Arnold’s Treason: 240 Years Later – August 30, 1780

On August 30, 1780, Benedict Arnold fully committed to treason by accepting the final terms presented by Sir Henry Clinton regarding the plot to turn over the fortifications at West Point to the British. Arnold’s reply to a letter written on July 24 by Clinton’s adjutant-general and chief intelligence officer, Major John Andre, was the result of over a year’s worth of on and off negotiations between the two parties. At times it had appeared to Clinton and Andre that Arnold’s defection would not be as useful as they had hoped. The American general could not obtain a field command and could only offer intelligence that was of little value or already known. However, when Arnold assumed command of the fortifications in the Hudson Highlands, including West Point, in early August, the possibility of using his services to strike a crushing blow to the American cause became a reality.

The first mention of West Point in the correspondence between Arnold and Andre appeared in a letter written by the latter in late July 1779. Andre had inquired about the “procuring of an accurate plan,” of the post. Arnold, still serving as military governor of Philadelphia and away from Continental Army headquarters, was unable to answer this request. The following month, discussions began to stall and it would not be until the next year when the prospect of Arnold obtaining command of the Hudson Highland forts reinvigorated negotiations. By this time, it was far too late for Arnold to back out. The British high command had enough correspondence and gathered intelligence from the “American Hannibal” to expose him as a traitor. Arnold knew this as well, which is why his terms for defecting and surrendering a large body of American troops and/or West Point hinged on Clinton promising him financial and personal security for himself and his new family (Peggy had given birth to their first son, Edward, in March 1780).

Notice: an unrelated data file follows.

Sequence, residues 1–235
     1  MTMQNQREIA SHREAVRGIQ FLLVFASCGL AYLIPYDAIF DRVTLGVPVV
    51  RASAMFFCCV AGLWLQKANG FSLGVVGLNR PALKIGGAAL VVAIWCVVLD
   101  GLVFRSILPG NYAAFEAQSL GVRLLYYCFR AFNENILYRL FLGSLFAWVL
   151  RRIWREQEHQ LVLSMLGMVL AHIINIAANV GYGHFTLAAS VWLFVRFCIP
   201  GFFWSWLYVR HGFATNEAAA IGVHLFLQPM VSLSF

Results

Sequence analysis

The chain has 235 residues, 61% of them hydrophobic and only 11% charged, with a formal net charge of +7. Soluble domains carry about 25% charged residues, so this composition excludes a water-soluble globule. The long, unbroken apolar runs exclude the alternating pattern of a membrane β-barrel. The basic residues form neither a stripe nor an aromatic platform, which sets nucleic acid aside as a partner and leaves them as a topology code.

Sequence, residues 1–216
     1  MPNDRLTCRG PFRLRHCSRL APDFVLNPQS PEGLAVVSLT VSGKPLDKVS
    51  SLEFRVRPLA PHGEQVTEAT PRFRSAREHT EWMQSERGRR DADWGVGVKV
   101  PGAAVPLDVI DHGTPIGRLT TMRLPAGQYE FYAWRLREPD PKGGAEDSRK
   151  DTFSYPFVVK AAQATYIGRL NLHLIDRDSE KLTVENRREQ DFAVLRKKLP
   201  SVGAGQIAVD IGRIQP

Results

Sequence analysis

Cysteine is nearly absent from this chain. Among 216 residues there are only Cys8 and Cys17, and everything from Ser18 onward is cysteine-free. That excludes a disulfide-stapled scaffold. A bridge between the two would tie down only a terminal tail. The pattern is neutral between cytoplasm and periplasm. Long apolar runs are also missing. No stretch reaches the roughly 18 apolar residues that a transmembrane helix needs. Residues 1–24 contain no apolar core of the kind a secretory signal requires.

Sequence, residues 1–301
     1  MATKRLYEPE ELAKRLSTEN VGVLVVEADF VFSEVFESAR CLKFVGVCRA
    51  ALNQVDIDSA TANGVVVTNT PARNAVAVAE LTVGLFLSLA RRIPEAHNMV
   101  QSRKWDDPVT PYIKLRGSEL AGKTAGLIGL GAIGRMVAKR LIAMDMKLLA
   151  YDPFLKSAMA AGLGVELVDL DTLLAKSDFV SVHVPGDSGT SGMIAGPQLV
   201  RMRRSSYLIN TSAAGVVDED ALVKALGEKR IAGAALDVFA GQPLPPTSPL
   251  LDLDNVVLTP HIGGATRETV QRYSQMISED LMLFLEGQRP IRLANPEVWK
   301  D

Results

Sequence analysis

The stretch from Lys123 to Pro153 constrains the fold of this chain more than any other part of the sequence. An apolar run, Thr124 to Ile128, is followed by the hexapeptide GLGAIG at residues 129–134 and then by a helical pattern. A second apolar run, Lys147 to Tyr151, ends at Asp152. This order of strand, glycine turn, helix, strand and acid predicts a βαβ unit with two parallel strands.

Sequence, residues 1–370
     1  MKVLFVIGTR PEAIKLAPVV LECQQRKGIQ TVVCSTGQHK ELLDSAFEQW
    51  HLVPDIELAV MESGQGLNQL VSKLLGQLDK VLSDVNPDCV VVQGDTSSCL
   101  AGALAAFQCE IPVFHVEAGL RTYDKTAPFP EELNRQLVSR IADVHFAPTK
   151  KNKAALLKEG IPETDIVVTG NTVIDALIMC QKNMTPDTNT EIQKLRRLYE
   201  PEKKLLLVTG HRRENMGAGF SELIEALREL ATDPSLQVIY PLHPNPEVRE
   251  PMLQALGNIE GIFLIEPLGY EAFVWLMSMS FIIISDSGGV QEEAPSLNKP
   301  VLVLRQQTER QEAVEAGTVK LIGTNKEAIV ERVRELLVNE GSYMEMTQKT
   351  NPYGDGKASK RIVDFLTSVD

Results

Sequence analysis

On July 24, 1780, Maj. Andre penned a letter to Arnold informing him that Gen. Clinton had agreed to his terms of a payment of £20,000 in exchange for the surrender of 3,000 men and the West Point fortifications. If he should be unable to accomplish this task, £10,000 was still offered for his efforts. The message did not arrive until a month later, but Arnold responded six days later under the alias “Gustavus,” and requested to set up a meeting in the near future with Andre. The dispatch never made it to the British. The courier tasked with delivering it grew suspicious of its content and instead carried it to Maj. Gen. Samuel Parsons, his neighbor, on September 10. Parsons did not believe that the letter was anything to be concerned with, since it referred only to a Mr. Moore (Arnold) and Anderson (Andre) and such topics as market goods and speculators. The message was, of course, coded. Arnold had unknowingly dodged a major bullet.

Although his August 30 correspondence did not reach the British in New York City, Arnold scribbled out another message on September 3. This time, the letter was successfully delivered by Mary McCarthy, the wife of an escaped, but recaptured member of Saratoga’s “Convention Army,” Private Charles McCarthy, 9th Regiment of Foot.

Benedict Arnold, at one point the most famous hero of America’s revolutionary war, had officially entered his treasonous plot to turn over West Point and its garrison and defect to the British into its final stage. A little over three weeks later he would meet with Maj. Andre fifteen miles south of West Point near Haverstraw, New York.

 

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